Maybe you knew David Carradine from his role as the title character, the stonefaced assassin in Quentin Tarantino's Kill Bill. Or maybe you knew him as Woody Guthrie, the plainspoken folk singer and folk hero in Hal Ashby's Bound for Glory, for which he earned a deserved Golden Globe nomination (not an Oscar nom, as I incorrectly said before). Many knew him as Kwai Chan Caine in the cult TV show Kung Fu, a pupil of Shaolin monks hunted by the Chinese royal family, imparting the wisdom, "The wise man walks always with his head bowed, humble like the dust." In that legendary role Carradine was the bridge between Eastern mysticism and American action, an early proponent of East-Meets-Western.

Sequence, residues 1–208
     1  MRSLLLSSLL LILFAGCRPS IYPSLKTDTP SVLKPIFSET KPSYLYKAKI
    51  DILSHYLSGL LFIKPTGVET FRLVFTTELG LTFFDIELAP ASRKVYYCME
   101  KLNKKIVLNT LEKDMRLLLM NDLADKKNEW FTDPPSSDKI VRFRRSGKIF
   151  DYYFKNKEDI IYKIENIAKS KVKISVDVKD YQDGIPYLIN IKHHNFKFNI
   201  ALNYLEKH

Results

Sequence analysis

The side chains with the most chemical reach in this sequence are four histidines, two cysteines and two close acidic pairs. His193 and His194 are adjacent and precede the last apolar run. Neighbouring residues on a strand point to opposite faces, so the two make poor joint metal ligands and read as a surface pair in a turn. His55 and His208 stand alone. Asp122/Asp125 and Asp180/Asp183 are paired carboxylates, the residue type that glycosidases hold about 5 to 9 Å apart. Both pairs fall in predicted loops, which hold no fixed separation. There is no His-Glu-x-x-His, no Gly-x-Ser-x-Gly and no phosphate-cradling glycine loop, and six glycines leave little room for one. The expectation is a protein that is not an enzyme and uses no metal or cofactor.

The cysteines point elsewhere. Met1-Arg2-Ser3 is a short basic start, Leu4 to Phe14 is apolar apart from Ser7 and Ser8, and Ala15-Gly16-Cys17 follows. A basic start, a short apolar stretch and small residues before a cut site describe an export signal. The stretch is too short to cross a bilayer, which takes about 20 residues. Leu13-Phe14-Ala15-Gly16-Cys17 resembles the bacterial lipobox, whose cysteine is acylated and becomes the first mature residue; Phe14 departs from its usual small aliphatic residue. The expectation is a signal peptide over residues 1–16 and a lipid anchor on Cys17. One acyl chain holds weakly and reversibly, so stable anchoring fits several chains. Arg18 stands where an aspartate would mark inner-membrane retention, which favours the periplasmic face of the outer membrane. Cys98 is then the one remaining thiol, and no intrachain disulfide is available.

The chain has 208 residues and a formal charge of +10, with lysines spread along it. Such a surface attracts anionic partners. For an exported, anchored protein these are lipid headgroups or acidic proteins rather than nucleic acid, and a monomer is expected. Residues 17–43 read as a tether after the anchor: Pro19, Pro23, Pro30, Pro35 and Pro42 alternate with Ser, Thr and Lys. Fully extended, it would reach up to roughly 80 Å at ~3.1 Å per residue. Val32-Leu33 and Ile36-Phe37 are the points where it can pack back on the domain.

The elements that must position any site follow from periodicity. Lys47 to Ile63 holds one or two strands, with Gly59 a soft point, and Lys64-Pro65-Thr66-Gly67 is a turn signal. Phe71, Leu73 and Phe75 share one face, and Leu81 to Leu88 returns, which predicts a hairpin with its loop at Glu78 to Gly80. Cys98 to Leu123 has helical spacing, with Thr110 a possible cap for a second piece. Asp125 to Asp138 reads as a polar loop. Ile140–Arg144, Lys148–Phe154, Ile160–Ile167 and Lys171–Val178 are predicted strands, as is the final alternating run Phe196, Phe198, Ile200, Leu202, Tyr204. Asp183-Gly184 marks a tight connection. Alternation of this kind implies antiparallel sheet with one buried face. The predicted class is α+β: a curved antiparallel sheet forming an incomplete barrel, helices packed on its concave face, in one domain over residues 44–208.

The hardest-working actor in show business was found dead in his hotel room today in Bangkok where he was making a movie. The ageless Carradine, son of character actor John and half-brother of actors Keith and Bobby, was, incredibly, 72. From Caine to Cole Younger (in The Long Riders), he played many legendary figures. The quintessential Carradine? Felt him as Woody Guthrie.